Published online Jan 28, 2010. doi: 10.4329/wjr.v2.i1.44
Revised: January 12, 2010
Accepted: January 20, 2010
Published online: January 28, 2010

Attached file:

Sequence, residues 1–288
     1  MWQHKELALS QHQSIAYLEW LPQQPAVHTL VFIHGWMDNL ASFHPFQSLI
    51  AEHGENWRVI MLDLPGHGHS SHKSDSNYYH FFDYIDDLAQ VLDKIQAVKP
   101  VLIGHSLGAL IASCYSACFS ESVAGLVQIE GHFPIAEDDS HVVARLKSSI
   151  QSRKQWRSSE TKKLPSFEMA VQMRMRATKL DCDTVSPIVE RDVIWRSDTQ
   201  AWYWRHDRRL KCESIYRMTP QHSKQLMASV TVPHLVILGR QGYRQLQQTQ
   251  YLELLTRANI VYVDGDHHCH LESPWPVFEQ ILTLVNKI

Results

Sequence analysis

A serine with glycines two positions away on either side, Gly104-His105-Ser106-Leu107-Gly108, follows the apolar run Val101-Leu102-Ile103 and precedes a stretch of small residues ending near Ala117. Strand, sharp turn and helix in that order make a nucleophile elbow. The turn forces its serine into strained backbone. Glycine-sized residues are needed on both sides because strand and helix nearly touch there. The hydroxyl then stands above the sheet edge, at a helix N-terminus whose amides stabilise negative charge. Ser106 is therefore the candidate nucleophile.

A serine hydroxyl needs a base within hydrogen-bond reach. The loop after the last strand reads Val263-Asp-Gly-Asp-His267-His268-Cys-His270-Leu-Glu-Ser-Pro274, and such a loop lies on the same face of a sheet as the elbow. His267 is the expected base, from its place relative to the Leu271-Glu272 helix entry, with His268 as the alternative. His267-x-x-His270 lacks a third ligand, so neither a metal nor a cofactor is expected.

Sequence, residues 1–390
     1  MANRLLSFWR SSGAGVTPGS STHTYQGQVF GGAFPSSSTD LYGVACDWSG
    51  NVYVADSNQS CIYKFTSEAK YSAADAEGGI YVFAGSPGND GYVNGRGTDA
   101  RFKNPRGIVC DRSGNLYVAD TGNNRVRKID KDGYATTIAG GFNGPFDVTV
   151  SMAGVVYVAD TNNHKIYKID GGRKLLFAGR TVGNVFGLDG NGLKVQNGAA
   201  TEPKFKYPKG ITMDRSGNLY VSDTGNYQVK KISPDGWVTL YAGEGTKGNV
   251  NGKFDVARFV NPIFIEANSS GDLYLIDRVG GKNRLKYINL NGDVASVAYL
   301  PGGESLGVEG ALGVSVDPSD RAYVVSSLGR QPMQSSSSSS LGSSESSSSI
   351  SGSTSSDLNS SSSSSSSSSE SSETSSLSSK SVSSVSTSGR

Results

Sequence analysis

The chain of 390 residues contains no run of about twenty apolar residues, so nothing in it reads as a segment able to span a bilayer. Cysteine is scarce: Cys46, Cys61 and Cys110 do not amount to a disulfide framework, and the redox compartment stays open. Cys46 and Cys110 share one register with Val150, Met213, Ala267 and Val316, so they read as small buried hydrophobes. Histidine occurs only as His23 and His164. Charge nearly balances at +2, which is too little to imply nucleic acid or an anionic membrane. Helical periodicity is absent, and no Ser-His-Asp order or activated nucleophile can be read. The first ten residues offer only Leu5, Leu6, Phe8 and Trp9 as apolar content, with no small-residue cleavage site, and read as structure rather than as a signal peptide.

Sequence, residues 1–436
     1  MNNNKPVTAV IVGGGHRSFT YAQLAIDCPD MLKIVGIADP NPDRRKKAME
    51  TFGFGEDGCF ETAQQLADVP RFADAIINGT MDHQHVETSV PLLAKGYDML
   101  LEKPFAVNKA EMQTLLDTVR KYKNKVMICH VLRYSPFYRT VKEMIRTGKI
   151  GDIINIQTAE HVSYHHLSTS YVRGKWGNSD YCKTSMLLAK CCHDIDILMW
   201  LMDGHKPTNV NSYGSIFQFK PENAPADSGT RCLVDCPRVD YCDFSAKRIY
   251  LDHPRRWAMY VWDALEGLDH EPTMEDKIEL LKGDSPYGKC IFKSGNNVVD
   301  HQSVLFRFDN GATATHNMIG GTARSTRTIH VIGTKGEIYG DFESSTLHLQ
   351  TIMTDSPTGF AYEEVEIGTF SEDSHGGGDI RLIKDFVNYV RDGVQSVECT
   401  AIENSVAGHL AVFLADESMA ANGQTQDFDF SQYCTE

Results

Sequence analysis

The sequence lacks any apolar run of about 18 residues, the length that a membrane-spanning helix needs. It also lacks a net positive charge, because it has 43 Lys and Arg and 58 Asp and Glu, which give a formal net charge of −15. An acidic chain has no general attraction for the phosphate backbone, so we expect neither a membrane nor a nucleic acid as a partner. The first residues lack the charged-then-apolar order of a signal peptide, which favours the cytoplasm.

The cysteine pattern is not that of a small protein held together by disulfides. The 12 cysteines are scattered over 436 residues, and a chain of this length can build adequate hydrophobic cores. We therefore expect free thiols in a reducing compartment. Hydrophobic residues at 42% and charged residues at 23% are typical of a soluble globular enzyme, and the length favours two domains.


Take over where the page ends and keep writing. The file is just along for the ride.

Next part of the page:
Attrition and eventual loss of articular cartilage are important elements in the pathophysiology of osteoarthritis (OA). Preventing the breakdown of cartilage is believed to be critical to preserve the functional integrity of a joint. Chondral injuries are also common in the knee joint, and many patients benefit from cartilage repair. Magnetic resonance imaging (MRI) and advanced digital post-processing techniques have opened possibilities for in vivo analysis of cartilage morphology, structure, and function in healthy and diseased knee joints. Techniques of semi-quantitative scoring of human knee cartilage pathology and quantitative assessment of human cartilage have been developed. Cartilage thickness and volume have been quantified in humans as well as in small animals. MRI detected cartilage loss has been shown to be more sensitive than radiographs detecting joint space narrowing. It is possible to longitudinally study knee cartilage morphology with enough accuracy to follow the disease-caused changes and also evaluate the therapeutic effects of chondro-protective drugs. There are also several MRI methods that may allow evaluation of the glycosaminoglycan matrix or collagen network of articular cartilage, and may be more sensitive for the detection of early changes. The clinical relevance of these methods is being validated. With the development of new therapies for OA and cartilage injury, MR images will play an important role in the diagnosis, staging, and evaluation of the effectiveness of these therapies.